They’ve also launched a cheese school where you can learn about hard, soft, blue and washed rind cheeses; plus popular masterclasses in matching cheeses with wines, beers and champagnes.
Buchanan’s Cheesemonger, 5A Porchester Place, W2 2BS
Neal’s Yard Dairy
Renowned cheese personality Randolph Hodgson’s cheese shops sell a regularly-changing selection of British and Irish cheeses from around 40 artisan producers. There’s a particularly strong choice of classics such as cotherstone, Isle of Mull cheddar and crozier blue.
Tasting is encouraged; and regular cheesy events are also held, including seminars on the science of taste, fermentation, and cheese and wine pairing.
Neal’s Yard Dairy, 17 Shorts Gardens, Covent Garden, WC2H 9AT. Other branches are in Borough Market and Bermondsey
La Cave a Fromage
The original South Kensington branch of this UK and European cheesemonger has previously been voted among the world’s 10 best cheese shops by the Daily Telegraph.
Opened in 2007 by Eric Charriaux and Amnon Paldi, the compact store sells mostly French and British cheeses. Try their sweet, smoky tomme brulee or unctuous chevrotin des aravis, or enjoy one of the reasonably priced cheeses platters in their small seating area.
They also mature a number of cheeses, such as silver award-winning semi-hard British cheese cornerstone. They host a huge variety of events, including tastings of seasonal and speciality cheeses, and cheese and wine matching.
La Cave a Fromage Kensington, 24-25 Cromwell Place, SW7 2LD.
Also worth noting…
Cheese At Leadenhall, City of London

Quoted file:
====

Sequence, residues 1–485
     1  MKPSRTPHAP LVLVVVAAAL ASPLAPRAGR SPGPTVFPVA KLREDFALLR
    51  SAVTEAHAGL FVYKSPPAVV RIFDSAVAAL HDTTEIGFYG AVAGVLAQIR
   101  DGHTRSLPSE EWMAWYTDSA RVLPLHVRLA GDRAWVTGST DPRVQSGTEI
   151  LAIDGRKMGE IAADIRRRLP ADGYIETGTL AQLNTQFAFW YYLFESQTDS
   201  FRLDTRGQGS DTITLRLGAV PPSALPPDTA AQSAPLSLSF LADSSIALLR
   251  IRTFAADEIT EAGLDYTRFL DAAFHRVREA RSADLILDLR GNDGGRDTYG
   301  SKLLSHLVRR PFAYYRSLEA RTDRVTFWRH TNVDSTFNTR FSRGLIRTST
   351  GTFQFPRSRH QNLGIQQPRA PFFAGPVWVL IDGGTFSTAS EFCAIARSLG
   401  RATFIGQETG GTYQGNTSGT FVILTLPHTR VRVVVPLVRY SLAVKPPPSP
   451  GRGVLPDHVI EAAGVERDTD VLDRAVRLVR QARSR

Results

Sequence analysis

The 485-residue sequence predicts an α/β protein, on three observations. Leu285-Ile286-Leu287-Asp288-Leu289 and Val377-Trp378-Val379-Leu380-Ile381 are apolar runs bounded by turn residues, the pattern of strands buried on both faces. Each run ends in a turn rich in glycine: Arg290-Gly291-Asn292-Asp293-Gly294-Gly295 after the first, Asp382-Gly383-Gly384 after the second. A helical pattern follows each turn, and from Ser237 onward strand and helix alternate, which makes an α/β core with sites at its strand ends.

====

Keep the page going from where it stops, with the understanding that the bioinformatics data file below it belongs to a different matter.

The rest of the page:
This Leadenhall Market cheesemonger sources cheeses from around Britain and Europe, has a lovely cheese cafe, and runs cheese ‘tours’ (tastings) and other events.
Pistachio & Pickle Dairy, Islington
A tiny cheesemonger in Camden Passage, this place sells British artisanal cheeses and hot cheese toasties. At the weekends, you can sit down for a cheeseboard and a glass of wine in their first floor Parlour. Second branch in Liverpool Road, also in Islington.
Established for 25 years, this Battersea shop sells well-sourced British, French, Italian and Spanish cheeses.
The Cheeseboard, Greenwich
Selling over 150 artisan cheeses, this popular Greenwich shop also sells cheese wedding cakes.
Cheeses of Muswell Hill, Muswell Hill
Great for expert cheeseboards and fromage newbies alike, thanks to friendly, knowledgable staff and an excellent international selection of cheeses.
Rippon Cheese, Victoria
This Victoria shop sells an astonishing range of up to 500 cheeses from around Europe, mostly UK and France.
The Cheese Block, Dulwich
You’ll have difficulty choosing from the huge selection of cheeses at this East Dulwich shop, but you can taste before you buy.
London’s first vegan cheesemonger has been making waves thanks to its fight with big dairy. Ignoring the media palaver, it’s the best spot in London to get increasingly popular non-dairy cheese.
Cheese restaurants and street food in London
Forget burgers and baozi: good old-fashioned macaroni cheese was recently reported to be the fastest-growing restaurant item on UK menus. Here we’ve highlighted the best cheese restaurants to eat not only macaroni cheese, but also fondues, raclettes, tartiflettes, baked cheeses, toasties, and poutines to your heart’s content.